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Liquid crystals to command dynamics of bacteria and colloids

Date: 2018-04-18
Time: 16:00
Venue: 中国科学院物理研究所M楼238会议室
Speaker: Oleg D. Lavrentovich

Liquid Crystal Institute, Kent State University, Kent, Ohio, USA

Dynamics of small particles in fluids has fascinated scientists for centuries, since van Leeuwenhoek observed in 1674 tiny creatures, nowadays known as “bacteria”, swimming chaotically in a droplet of water.  Much later, Brown found that even inanimate small particles, when placed in water, engage in a similar chaotic dynamics. If one could learn how to control and streamline the chaotic motion of particles such as bacteria and colloids at the microscale, that would open technological opportunities in areas such as transformation of stored or environmental energy into systematic motion, micro-robotics, transport of matter at microscale, etc.  Remarkably, bacteria and colloids driven by an external field do not obey the laws of thermodynamics and can be used to extract a useful work.   This lecture presents an approach to command microscale dynamics in which the isotropic medium such as water is replaced with an anisotropic fluid, a liquid crystal. The liquid crystals are formed by elongated molecules that tend to align parallel to each other along a common direction called the director.  As a result, physical properties such as electric conductivity or viscosity depend on the direction of measurement, whether it is parallel or perpendicular to the director.  Orientational order of the medium leads to new dynamic effects, such as anomalous diffusion (1). By using a newly developed technique of nano-photonic photoalignment, the liquid crystal director can be patterned into any predesigned structure (2).  We demonstrate that the patterned liquid crystals can control microscale dynamics of inanimate particles such as solid colloids, fluid droplets, through the effects of nonlinear electrophoresis (3) and electro-osmosis (4). Moreover, plasmonic patterning of liquid crystals allows one to command the dynamics of swimming bacteria, guiding their trajectories, polarity of swimming and concentration in space (5).  The work is supported by NSF DMR-1507637, NSF DMREF DMS-1729509 and Petroleum Research grant PRF#56046-ND7.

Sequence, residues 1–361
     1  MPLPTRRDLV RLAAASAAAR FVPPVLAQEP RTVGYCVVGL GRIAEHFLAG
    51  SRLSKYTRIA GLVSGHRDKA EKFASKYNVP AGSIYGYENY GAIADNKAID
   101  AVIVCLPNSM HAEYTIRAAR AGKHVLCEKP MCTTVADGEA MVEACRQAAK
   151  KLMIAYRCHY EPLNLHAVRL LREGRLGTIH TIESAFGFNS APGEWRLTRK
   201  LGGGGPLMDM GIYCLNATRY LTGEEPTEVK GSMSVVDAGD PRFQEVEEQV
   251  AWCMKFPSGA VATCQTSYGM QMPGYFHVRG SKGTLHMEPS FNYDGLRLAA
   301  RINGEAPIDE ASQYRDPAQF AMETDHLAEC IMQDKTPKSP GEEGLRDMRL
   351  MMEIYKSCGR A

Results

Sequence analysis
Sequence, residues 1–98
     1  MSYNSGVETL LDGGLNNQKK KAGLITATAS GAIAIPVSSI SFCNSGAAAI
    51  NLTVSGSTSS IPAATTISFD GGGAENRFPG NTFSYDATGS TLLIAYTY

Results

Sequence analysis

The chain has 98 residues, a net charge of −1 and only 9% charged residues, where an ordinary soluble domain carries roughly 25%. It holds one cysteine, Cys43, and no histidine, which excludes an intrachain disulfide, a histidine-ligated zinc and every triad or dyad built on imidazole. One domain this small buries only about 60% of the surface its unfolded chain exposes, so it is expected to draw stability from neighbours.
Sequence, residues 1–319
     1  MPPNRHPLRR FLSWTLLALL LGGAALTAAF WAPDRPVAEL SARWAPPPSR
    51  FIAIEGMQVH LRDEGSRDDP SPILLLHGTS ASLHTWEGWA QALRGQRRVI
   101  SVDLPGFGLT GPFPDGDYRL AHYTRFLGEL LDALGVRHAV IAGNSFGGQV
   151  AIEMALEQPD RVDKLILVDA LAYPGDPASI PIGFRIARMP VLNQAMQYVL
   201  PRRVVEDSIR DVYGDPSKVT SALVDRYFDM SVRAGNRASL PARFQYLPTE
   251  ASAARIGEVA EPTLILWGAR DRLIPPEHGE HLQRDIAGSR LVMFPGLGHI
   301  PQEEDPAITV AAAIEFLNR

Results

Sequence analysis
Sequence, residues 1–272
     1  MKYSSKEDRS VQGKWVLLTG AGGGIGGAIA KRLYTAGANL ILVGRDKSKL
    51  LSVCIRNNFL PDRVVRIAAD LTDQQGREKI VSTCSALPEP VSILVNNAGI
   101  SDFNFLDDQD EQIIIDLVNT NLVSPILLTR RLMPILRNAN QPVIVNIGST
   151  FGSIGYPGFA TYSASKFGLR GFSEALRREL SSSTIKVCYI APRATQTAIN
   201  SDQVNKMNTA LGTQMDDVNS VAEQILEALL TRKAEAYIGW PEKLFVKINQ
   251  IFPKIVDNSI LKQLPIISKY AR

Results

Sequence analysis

1.T. Turiv, V.G. Nazareno et al., Effect of Collective Molecular Reorientations on Brownian Motion of Colloids in Nematic Liquid Crystal. Science 342, 1351-1354 (2013).
2.Y. Guo et al., High-Resolution and High-Throughput Plasmonic Photopatterning of Complex Molecular Orientations in Liquid Crystals Adv Mater 28, 2353-2358 (2016).
3.O. D. Lavrentovich, I. Lazo, O. P. Pishnyak, Nonlinear electrophoresis of dielectric and metal spheres in a nematic liquid crystal. Nature 467, 947-950 (2010).
4.I. Lazo, C. H. Peng, J. Xiang, S. V. Shiyanovskii, O. D. Lavrentovich, Liquid crystal-enabled electro-osmosis through spatial charge separation in distorted regions as a novel mechanism of electrokinetics. Nature Communications 5, 5033 (2014).
5.C. Peng, T. Turiv, Y. Guo, Q.-H. Wei, O. D. Lavrentovich, Command of active matter by topological defects and patterns. Science 354, 882-885 (2016).

Abut the speaker: Prof. Oleg D. Lavrentovich received his Ph.D. (1984) and Doctor of Science (1990) degrees in Physics and Mathematics from the Ukrainian Academy of Sciences. In 1992 he joined the Liquid Crystal Institute of Kent State University as a Senior Research Fellow. He served as the director of institute in 2003-2011, and he is now a Trustees Research Professor of Kent State.   Lavrentovich held visiting appointments at the University P. et M. Curie, University Denis Diderot in France and other universities. He is the editor of Liquid Crystals Reviews (Taylor & Francis), member of the Editorial Boards of Liquid Crystals, Condensed Matter Physics, Ukrainian Journal of Physics and Advisor of the Kent State University SPIE Student Chapter. His research focuses on soft matter formed by weakly interacting organic molecules. The emphasis is on systems with orientational order, known as liquid crystals, and their composites, such as dispersions of colloidal particles in liquid crystals, water dispersions of self-organizing chromonic aggregates, living liquid crystals.